Definition 2.1.
An (abstract) simplicial complex on a vertex set is a subset of , such that:

The empty set belongs to ;

If and , then .
The elements of are called its simplices, and the maximal dimension of a simplex is the dimension of and is denoted by , where . Finally, for any vertex set a subset of which equals the intersection is obviously a simplicial complex itself which is called an induced subcomplex in and denoted by .
In what follows we assume that there are no ghost vertices in , that is, for every one has . Note that a simplicial complex is a poset, the natural ordering is by inclusion. Thus, (and any of its induced subcomplexes ) is defined by its maximal (w.r.t. inclusion) simplices and is equal to the dimension of one of them. If all maximal simplices of have the same dimension, then is called a pure simplicial complex.
Example 2.2.
In what follows we denote by an dimensional convex simple polytope with facets , i.e. faces of codimension 1. In this paper we are interested only in its face poset structure (i.e. its combinatorial equivalence class), not in its particular embedding in the ambient Euclidean space . Consider the nerve of the (closed) covering of by all the facets . The resulting simplicial complex on the vertex set will be called the nerve complex of the simple polytope and denoted by . Note that is geometrically a boundary of the combinatorially dual simplicial polytope . It is obviously a pure simplicial complex and its dimension is equal to .
One can see easily that a simplicial complex can either be defined by all of its maximal simplices, or, alternatively, by all of its minimal nonfaces, that is, elements , minimal w.r.t. inclusion. By definition above, the latter is equivalent to the property that but any of its proper subsets is a simplex in . We denote the set of minimal nonfaces of by . Therefore, if and only if is a boundary of a simplex on the vertex set . Using this set, we can easily define the following combinatorial operation on the sets of simplicial complexes and (combinatorial) simple polytopes, which appeared in toric topology in the work of Bahri, Bendersky, Cohen and Gitler [5].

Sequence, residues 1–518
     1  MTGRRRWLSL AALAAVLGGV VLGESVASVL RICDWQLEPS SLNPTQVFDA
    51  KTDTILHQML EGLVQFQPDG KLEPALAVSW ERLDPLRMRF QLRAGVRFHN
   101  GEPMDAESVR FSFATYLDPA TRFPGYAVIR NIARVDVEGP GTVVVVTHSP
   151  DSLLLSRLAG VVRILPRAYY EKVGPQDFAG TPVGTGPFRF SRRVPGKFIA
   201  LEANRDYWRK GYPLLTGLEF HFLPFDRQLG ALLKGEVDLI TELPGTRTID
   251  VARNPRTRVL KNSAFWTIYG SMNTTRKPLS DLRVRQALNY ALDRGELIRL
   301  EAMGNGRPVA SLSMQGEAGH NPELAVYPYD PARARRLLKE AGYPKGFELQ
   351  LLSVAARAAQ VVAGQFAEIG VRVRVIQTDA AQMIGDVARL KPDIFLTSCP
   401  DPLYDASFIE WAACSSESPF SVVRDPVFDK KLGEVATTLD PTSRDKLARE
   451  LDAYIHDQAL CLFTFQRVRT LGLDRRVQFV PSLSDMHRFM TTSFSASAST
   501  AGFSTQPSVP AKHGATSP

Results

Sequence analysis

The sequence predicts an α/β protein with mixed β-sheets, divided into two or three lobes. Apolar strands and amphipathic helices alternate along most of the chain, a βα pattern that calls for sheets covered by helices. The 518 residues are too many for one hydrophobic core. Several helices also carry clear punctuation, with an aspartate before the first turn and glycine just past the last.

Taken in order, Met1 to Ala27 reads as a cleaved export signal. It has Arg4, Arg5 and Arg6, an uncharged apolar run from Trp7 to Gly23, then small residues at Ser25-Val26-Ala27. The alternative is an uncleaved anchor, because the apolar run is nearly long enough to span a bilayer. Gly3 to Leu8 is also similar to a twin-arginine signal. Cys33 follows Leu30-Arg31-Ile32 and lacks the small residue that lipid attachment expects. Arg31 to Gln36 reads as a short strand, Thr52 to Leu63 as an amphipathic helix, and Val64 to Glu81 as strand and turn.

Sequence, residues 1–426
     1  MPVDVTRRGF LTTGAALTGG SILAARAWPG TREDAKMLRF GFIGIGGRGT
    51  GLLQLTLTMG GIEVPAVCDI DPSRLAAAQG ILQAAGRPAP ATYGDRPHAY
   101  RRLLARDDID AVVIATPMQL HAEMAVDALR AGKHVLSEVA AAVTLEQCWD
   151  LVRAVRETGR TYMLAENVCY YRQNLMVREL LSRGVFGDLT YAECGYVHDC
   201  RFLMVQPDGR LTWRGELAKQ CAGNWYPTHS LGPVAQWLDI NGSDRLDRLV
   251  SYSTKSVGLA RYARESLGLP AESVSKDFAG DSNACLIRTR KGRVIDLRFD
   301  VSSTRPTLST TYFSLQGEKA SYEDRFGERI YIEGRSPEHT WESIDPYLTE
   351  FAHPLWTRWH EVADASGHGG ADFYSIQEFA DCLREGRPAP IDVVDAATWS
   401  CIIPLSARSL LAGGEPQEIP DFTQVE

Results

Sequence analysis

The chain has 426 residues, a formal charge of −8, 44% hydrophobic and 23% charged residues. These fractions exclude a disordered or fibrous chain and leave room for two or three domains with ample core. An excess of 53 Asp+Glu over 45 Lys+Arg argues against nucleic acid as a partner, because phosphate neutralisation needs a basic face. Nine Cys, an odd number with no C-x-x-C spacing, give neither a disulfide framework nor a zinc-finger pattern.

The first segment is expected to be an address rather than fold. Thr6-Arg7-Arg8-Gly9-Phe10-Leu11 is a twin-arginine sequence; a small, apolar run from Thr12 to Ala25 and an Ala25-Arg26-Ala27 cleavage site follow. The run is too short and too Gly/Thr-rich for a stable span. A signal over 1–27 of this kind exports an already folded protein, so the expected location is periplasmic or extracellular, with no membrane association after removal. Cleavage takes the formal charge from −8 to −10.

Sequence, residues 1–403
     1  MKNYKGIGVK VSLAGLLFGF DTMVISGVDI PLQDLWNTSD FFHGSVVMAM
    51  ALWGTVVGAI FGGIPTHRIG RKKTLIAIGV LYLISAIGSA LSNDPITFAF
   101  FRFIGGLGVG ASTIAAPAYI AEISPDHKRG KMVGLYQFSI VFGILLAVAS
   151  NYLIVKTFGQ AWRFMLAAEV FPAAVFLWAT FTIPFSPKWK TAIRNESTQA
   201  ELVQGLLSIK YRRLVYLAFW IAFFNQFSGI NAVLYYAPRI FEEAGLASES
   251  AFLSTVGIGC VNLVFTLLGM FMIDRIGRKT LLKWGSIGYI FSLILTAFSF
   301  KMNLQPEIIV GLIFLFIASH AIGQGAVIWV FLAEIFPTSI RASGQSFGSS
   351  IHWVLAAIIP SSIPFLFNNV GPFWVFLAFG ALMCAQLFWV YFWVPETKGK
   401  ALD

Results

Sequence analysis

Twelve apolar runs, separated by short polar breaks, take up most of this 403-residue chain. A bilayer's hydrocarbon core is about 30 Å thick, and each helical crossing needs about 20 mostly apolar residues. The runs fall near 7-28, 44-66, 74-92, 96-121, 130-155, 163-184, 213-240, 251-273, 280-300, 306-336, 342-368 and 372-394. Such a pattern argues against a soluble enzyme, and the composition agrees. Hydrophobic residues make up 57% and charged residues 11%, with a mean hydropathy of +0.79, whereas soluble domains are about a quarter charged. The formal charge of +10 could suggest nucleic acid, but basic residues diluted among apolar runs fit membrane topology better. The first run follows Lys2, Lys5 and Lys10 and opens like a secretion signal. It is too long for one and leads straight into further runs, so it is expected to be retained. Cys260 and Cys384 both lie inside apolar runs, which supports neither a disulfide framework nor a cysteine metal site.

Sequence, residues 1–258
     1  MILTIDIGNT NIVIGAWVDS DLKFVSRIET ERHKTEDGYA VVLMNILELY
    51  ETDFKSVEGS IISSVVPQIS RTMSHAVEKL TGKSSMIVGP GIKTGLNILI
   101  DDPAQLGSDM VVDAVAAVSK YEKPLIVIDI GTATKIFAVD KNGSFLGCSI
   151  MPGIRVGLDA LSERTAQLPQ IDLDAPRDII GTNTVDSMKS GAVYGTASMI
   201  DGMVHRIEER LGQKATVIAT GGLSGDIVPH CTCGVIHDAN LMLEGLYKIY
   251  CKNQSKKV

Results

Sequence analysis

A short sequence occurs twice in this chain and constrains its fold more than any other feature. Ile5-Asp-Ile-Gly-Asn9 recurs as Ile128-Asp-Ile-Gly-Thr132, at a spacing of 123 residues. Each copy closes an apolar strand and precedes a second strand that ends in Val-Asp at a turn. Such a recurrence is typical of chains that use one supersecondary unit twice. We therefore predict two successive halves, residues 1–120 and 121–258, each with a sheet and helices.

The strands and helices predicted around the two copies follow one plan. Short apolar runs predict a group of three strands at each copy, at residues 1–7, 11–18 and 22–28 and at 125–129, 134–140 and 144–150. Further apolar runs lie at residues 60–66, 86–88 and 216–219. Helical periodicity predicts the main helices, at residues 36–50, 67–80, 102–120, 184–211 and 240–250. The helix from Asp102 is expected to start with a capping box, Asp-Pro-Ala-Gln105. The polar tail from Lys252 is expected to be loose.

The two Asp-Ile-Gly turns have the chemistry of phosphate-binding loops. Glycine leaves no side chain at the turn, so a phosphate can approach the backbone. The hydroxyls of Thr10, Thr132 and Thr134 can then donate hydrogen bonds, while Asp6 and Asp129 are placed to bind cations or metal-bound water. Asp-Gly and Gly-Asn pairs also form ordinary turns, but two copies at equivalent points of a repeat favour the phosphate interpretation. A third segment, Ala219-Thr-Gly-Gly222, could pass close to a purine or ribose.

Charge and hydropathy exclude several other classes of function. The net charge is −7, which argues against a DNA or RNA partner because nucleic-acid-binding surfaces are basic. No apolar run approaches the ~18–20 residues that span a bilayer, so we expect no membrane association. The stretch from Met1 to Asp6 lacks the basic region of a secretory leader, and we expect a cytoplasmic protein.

Construction 2.3.
Let be an tuple of positive integers. Consider the following vertex set:
To define a simplicial multiwedge, or a construction of , which is a simplicial complex on the vertex set , we say, that the set consists of the subsets of of the type
where . Note that if , then .
Example 2.4.
Suppose is a polytopal sphere on vertices, that is, a nerve complex of a simple dimensional polytope with facets. Due to [5, Theorem 2.4] and [16, Proposition 2.2] its simplicial multiwedge is always a polytopal sphere and thus a nerve complex of a simple polytope , and so . If we denote by then it is easy to see, that and , therefore, remains the same after performing a construction.
Note that when one gets the so called doubling of the simple polytope ; for the geometric description of the construction on polytopes and its applications in toric topology see also [25].
In what follows we shall denote by a field of zero characteristic, or the ring of integers. Let be a graded polynomial algebra on variables, .
Definition 2.5.
The Stanley–Reisner ring, or the face ring of (over ) is the quotient ring
where is the ideal generated by square free monomials such that . The monomial ideal is called the Stanley–Reisner ideal of . Then has a natural structure of a algebra and a module over the polynomial algebra via the quotient projection.
Note that if and only if . By a result of Bruns and Gubeladze [9] two simplicial complexes and are combinatorially equivalent if and only if their Stanley–Reisner algebras are isomorphic. Thus, is a complete combinatorial invariant of a simplicial complex .
Definition 2.6.
A simplicial complex is called flag if it coincides with the clique complex of its 1dimensional skeleton , that is, for any subset of vertices of , which are pairwisely connected by edges in , its induced subcomplex . A simple polytope is called flag if its nerve complex is flag.